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Thread: Multiple integral

  1. #1
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    Multiple integral

    How come I get a negative answer?

    What's wrong?

    10x in advance.
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  2. #2
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    Quote Originally Posted by asi123 View Post
    How come I get a negative answer?

    What's wrong?

    10x in advance.
    Your answer is correct.

    You do realise that $\displaystyle -1 \leq \sin r \leq 0$ for $\displaystyle \pi \leq r \leq 2 \pi$ .... ?
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    Quote Originally Posted by mr fantastic View Post
    Your answer is correct.

    You do realise that $\displaystyle -1 \leq \sin r \leq 0$ for $\displaystyle \pi \leq r \leq 2 \pi$ .... ?
    By $\displaystyle sin r$ you mean $\displaystyle \phi$?

    like $\displaystyle 0 \leq \phi \leq 2\pi$?

    10x.
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    Quote Originally Posted by asi123 View Post
    By $\displaystyle sin r$ you mean $\displaystyle \phi$?

    like $\displaystyle 0 \leq \phi \leq 2\pi$?

    10x.
    The variable is r:

    Your integrand is $\displaystyle r \sin r$ and you're integrating between $\displaystyle \pi \leq r \leq 2 \pi$. This integrand is always less than or equal to zero for $\displaystyle \pi \leq r \leq 2 \pi$. So it's unsurprising that the result of the integration is less than zero.
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  5. #5
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    Got ya, 10x.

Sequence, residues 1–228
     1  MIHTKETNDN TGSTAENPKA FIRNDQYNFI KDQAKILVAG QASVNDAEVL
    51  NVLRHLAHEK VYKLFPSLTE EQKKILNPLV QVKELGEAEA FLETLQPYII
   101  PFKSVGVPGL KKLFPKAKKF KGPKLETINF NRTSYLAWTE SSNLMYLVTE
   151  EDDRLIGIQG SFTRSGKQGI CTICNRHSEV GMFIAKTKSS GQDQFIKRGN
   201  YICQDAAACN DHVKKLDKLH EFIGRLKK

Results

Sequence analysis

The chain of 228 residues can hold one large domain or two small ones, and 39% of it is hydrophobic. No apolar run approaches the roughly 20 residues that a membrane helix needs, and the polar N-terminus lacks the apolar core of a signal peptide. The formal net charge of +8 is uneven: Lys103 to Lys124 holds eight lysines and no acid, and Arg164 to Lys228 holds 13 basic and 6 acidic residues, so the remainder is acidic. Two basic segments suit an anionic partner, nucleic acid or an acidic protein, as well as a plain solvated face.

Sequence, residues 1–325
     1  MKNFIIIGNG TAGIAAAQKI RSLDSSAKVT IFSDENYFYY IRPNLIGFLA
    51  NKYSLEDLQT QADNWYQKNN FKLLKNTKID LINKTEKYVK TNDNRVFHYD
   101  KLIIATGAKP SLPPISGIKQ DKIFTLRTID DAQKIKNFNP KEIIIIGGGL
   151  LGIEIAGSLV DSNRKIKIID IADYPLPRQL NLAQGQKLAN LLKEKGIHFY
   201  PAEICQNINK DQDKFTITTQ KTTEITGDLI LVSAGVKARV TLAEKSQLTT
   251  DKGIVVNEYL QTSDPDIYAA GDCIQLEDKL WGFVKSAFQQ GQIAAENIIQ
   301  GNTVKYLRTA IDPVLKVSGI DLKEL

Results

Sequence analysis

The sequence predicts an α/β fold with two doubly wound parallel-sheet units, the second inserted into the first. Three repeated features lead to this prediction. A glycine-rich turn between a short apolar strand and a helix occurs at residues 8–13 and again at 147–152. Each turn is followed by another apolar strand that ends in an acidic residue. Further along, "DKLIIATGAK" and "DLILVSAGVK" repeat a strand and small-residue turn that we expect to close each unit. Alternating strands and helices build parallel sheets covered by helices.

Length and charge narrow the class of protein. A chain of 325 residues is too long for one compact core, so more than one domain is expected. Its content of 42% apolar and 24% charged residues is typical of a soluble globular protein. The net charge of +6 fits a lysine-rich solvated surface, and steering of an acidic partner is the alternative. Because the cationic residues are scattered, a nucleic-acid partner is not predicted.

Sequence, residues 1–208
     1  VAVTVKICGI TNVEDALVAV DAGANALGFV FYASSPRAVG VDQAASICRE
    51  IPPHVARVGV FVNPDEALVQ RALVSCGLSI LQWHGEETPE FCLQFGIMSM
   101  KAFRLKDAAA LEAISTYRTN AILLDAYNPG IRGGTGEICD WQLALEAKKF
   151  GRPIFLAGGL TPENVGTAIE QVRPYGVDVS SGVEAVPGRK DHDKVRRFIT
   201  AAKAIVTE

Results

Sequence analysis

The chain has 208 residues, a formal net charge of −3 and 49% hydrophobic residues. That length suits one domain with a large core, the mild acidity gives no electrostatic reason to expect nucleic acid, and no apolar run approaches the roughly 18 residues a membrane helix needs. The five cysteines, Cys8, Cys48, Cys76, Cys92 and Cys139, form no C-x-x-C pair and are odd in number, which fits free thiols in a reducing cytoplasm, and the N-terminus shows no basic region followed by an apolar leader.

I have another one, how am I suppose to solve this one, I cant use polar coordinates, right?

    I have no idea.

    10x in advance.
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    Quote Originally Posted by asi123 View Post
    Got ya, 10x.

    I have another one, how am I suppose to solve this one, I cant use polar coordinates, right?

    I have no idea.

    10x in advance.
    New questions require new threads.


    You need to switch to a new set of coordinates. The integrand suggests the following transformation:

    $\displaystyle u = x - y$ .... (1)

    $\displaystyle v = x + y$ .... (2)

    (1) and (2) imply $\displaystyle x = \frac{u + v}{2}$ and $\displaystyle y = \frac{v - u}{2}$.

    Jacobian of the transformation: $\displaystyle J(u, v) = \frac{1}{2}$.

    The region of integration in the xy-plane transforms into the region in the uv-plane bounded by the lines $\displaystyle v = u, ~ v = -u, ~ v = 1$ and $\displaystyle v = 2$.

    So the integral becomes $\displaystyle \frac{1}{2} \int_{v=1}^{v=2} \int_{u=-v}^{u=v} e^{u/v} \, du \, dv$.
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